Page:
Matthias Sauerbruch is Founding Principal of, Sauerbruch Hutton Architekten, based in Berlin, Germany.
Sauerbruch Hutton Architekten was founded by Matthias Sauerbruch and Louisa Hutton (1989). The practice is noted for its synthesis of color in the design process, and for the use of fluid curvilinear forms. The firm’s architecture is also known for its technical innovation and environmental sustainability, particularly double-skin facades on tall buildings. Built works range from the Brandhorst Museum in Munich to the Federal Environmental Agency in Dessau, which presents a benchmark building for the sustainable design of offices. A significant number of projects for private and public clients are in progress and completed in Germany and Europe.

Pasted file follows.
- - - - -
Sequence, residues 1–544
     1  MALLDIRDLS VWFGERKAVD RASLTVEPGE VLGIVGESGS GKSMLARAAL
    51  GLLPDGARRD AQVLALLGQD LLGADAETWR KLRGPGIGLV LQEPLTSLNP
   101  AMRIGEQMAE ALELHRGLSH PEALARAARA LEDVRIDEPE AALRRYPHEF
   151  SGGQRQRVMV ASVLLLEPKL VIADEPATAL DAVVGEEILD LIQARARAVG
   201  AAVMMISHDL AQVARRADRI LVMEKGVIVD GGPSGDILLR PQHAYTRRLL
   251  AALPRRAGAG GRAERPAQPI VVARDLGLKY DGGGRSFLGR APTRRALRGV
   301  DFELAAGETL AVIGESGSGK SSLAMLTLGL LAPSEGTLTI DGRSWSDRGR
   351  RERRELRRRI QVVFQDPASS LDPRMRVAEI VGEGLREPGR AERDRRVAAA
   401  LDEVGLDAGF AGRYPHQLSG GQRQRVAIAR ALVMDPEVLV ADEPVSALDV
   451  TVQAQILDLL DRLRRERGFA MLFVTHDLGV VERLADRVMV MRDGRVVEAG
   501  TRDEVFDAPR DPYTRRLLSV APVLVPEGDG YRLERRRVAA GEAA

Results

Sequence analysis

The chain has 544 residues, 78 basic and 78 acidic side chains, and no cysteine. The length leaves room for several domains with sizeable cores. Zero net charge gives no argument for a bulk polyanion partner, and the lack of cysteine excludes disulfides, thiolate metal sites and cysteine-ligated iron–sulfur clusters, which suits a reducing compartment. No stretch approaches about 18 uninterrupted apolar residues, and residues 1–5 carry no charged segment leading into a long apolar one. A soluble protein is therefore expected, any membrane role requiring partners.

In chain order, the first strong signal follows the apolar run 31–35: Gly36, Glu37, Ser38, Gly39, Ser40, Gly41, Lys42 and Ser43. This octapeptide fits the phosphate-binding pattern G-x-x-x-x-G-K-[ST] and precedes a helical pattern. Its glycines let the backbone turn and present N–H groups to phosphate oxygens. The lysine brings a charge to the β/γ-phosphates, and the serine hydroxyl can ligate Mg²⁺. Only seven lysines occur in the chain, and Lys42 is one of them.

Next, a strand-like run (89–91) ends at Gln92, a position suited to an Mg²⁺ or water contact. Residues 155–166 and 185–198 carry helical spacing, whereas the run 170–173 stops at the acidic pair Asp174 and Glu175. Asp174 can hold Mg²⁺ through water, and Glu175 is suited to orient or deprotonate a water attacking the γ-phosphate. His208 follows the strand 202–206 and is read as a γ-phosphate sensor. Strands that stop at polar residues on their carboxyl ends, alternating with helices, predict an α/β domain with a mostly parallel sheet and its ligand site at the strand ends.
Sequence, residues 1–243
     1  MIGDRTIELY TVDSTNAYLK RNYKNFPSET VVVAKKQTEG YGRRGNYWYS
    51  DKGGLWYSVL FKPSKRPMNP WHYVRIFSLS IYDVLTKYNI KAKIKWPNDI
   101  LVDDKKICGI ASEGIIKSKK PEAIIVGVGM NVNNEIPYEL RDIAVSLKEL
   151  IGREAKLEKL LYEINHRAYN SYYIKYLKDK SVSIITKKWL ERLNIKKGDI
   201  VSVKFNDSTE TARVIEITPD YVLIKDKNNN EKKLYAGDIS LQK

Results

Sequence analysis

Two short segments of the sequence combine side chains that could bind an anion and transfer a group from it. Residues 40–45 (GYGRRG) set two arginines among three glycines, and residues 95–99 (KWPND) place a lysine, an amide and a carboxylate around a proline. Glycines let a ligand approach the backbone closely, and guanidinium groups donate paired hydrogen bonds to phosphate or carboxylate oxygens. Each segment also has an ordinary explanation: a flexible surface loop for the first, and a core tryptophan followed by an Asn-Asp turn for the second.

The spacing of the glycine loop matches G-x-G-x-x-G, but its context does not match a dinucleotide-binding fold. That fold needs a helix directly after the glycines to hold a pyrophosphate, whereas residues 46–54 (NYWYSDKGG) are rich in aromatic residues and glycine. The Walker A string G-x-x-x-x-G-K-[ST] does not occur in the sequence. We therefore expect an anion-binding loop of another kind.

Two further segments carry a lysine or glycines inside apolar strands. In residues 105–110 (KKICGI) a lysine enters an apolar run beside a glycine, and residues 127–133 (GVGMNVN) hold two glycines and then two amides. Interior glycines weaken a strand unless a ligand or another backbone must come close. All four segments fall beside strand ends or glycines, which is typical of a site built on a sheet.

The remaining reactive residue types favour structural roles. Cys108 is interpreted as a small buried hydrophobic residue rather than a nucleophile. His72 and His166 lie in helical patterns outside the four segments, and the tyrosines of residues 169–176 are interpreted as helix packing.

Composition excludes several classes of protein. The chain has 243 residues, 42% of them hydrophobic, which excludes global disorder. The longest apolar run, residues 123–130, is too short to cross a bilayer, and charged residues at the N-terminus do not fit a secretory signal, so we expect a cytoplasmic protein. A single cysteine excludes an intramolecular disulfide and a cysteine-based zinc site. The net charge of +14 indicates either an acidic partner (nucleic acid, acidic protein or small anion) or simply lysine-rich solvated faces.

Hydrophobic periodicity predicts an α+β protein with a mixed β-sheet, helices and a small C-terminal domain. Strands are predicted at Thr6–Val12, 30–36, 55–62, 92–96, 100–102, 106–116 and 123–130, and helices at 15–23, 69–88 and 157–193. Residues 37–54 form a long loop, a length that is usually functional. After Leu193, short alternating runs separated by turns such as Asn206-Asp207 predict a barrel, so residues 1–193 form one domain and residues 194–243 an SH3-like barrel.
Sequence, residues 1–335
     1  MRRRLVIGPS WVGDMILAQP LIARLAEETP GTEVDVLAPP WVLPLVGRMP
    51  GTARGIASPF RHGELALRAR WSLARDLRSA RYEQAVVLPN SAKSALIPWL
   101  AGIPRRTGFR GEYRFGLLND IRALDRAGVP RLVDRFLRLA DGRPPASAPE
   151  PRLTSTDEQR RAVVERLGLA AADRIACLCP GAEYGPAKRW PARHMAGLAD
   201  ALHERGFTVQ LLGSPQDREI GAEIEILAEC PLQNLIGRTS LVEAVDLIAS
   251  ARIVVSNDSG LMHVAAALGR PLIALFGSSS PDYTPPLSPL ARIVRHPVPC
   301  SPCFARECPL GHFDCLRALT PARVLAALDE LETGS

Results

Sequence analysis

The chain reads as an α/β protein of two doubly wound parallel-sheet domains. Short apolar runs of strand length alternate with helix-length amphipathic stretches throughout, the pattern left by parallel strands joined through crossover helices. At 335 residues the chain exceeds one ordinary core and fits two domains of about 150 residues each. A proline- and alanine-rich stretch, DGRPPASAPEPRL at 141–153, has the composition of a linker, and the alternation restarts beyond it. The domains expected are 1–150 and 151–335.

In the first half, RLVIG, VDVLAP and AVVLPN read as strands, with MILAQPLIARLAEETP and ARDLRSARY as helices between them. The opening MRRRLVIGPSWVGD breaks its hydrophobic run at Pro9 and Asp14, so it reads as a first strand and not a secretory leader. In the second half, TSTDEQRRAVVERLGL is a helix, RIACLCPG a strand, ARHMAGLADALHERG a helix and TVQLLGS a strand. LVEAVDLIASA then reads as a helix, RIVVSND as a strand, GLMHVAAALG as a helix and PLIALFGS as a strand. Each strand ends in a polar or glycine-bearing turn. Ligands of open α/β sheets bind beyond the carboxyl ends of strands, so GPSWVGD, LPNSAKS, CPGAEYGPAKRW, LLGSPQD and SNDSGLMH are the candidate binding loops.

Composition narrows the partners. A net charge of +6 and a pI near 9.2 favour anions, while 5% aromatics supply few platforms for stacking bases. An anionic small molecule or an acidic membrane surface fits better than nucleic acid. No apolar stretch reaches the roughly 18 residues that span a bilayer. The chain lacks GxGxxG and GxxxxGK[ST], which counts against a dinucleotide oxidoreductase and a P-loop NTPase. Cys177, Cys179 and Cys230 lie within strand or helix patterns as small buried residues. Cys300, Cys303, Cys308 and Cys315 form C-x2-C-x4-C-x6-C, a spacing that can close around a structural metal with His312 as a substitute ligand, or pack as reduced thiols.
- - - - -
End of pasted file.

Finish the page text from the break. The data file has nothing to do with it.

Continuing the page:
Matthias Sauerbruch studied architecture at the Hochschule der Künste (now Berlin University of the Arts) and at the Architectural Association (AA) in London. He has worked at Rem Koolhaas’s Office for Metropolitan Architecture in London, leading the House at Checkpoint Charlie project.
He has maintained an involvement in teaching throughout his professional career, having held professorships at the University of Virginia, the State Academy of Art and Design in Stuttgart and Berlin Technical University. In 2005 he was appointed Kenzo Tange Visiting Design Critic at the Harvard Graduate School of Design.
He was winner of a Holcim Awards Acknowledgement prize in 2011 for Medium rise timber office building in low-to-no carbon emissions district in Helsinki, Finland with Adrian Campbell of Arup UK, London, United Kingdom and Jan-Christoph Zoels of Experientia, Torino, Italy.
Matthias Sauerbruch was a member of the Holcim Awards jury for Europe in 2005.